‘Destiny’s’ comeback album fails to impress

“Where they at? Where they at?” As the ladies of Destiny’s Child ask this on the track “Soldier” from their new studio album “Destiny Fulfilled,” listeners may be asking the same question.

Intent on showing they have grown as a group because of their solo excursions, in which only Beyonce had massive success, “Destiny Fulfilled” lays the vocal showcase on in a rather hit-or-miss fashion.

Their first two singles “Lose My Breath” and “Soldier” actually take a few risks and succeed-the first with its marching band background track and the latter with its hard staccato beat.

With most of the album besides the first two tracks falling into a playing it safe R&B ballad lull, “Destiny Fulfilled” becomes a showcase for producers 9th Wonder, Rockwilder, Rodney Jerkins and even group member Beyonce to show how they can make the down tempo track fresh and exciting.

The tracks “Is She the Reason” and “Free,” which make heavy use of samples to harness a funkadelic feel take the best stab at providing something fresh.

With most of the album taking a very obvious Beyonce: verse, Kelly: verse, Michelle: bridge structure, tracks such as “If” and “Bad Habit” come across as inspired.

Although there is safety in highlighting the vocal strengths of each member, most of the time it is just plain boring.

However, Destiny’s Child comes across strongest when they pull together their individual purrs to provide some of the most tightly wound harmonies on this side of the Harlem Boys Choir.

Their harmonies can be considered a nod to the girl groups of the ’60s that they are intent on emulating.

Although it is not a well-kept secret, the album was written and recorded in a three week time span.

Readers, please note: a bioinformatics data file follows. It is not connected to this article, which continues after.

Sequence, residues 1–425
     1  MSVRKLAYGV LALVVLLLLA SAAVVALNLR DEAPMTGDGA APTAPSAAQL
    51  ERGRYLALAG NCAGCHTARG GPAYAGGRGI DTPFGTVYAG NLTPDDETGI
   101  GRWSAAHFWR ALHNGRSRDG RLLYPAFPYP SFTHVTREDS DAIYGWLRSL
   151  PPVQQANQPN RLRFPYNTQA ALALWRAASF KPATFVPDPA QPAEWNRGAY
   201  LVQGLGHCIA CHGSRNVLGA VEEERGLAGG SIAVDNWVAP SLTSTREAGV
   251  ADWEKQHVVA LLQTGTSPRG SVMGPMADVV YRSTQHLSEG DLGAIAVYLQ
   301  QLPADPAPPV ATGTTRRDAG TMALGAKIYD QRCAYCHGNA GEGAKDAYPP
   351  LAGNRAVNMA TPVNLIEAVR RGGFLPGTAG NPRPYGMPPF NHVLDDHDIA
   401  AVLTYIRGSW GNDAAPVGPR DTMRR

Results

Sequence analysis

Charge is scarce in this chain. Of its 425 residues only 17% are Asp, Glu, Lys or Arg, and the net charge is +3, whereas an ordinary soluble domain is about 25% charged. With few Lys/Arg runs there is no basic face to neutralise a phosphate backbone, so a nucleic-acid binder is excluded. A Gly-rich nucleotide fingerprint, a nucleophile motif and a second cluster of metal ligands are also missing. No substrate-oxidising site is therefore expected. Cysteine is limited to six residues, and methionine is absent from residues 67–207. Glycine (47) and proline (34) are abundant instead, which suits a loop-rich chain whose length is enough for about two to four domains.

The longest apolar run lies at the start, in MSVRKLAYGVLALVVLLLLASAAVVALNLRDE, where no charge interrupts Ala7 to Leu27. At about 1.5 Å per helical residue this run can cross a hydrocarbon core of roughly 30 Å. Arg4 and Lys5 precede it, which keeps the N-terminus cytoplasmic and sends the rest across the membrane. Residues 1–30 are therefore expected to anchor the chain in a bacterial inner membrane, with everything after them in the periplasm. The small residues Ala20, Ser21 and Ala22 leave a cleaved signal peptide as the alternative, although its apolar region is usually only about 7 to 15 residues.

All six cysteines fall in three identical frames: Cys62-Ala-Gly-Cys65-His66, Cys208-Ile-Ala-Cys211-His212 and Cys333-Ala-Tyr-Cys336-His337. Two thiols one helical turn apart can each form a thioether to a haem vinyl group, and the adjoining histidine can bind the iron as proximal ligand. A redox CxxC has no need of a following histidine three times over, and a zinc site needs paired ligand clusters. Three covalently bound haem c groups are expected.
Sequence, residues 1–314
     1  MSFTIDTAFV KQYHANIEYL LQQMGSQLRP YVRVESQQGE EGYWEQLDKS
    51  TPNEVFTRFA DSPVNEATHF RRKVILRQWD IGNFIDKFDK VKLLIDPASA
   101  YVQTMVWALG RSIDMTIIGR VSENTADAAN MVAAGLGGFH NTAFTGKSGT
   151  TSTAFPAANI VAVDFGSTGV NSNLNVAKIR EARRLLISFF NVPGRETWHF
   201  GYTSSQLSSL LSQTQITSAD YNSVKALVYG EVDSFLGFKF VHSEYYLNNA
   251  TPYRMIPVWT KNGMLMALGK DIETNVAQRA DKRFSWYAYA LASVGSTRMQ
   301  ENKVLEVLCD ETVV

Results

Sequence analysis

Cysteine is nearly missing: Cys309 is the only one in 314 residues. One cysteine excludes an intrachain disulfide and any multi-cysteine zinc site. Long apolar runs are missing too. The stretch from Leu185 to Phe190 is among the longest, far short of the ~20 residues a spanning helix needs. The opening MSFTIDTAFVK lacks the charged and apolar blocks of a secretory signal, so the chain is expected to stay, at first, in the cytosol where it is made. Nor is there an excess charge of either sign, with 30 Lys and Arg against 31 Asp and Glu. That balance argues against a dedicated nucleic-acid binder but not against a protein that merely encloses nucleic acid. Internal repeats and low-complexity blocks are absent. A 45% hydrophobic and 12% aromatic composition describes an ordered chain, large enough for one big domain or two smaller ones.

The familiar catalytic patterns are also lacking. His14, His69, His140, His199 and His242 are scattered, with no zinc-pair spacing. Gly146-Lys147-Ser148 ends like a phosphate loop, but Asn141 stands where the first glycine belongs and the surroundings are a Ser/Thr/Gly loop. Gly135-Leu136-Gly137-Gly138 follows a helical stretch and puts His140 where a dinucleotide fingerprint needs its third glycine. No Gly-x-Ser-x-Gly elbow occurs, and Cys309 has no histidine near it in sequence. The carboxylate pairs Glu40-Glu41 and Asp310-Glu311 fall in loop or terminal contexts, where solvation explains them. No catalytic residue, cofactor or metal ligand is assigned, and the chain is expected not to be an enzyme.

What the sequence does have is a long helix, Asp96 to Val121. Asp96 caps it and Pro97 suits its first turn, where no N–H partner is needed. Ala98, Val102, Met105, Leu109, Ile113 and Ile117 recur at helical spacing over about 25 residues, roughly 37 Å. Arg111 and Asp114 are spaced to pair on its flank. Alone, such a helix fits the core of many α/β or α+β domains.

Sometimes it feels a bit too obvious. A number of the lyrics and even some of the vocals come across as disposable.

In fact, Michelle’s verse in “Is She the Reason” is no more than a 20 second screech that makes her voice sound weaker than it normally does in contrast to the other two ladies.

Sadly, the women of Destiny’s Child spend most of the album devolving to the mindset of the girls that they were on their self-titled debut album.

Despite a solid small following during that time, Destiny’s Child has apparently forgotten that most of the world fell in love with the sophisticated, strong women of the sexy, confident and strong image portrayed on the groups two follow-up albums – The Writings on the Wall and Survivor.

On tracks such as “Cater 2 U,” “T-Shirt” and “Bad Habit,” Destiny’s Child comes across as the subservient victim rather than the independent women that they have shaped themselves to be.

In “Cater 2 U,” they single-handedly set women’s liberation back two decades as they beg their men to let them cater to his every need and whim.

Slight purrs of strength on “Free” and “Girl” never come to a resounding roar to actually make a statement.

Unfortunately for these three ladies, seeing them slink back into their earlier persona is as painful as watching someone walking down the street in a pair of tight pants they outgrew years ago.

The few bright spots on the album do not seem to justify calling it Destiny Child’s new album as much as a pit stop in between Beyonce’s first two albums.

For Beyonce’s sake, this better be a result of saving the best material for her next solo album and not representative of the best she can do at the moment.

Destiny Fulfilled definitely sounds good and has a few sweet tracks, but it is remarkably unremarkable.

That’s too bad for a group that is still simply bordering on becoming one of the most important female groups of all time.

Hopefully, the next time around they realize they cannot afford to play it safe.

If this is what it is like to have a fulfilled destiny, it may be time to go back to when the destiny was a bit fuzzier.

Grade C+Contact Jason E. Hutchins at famuanopinions@hotmail.com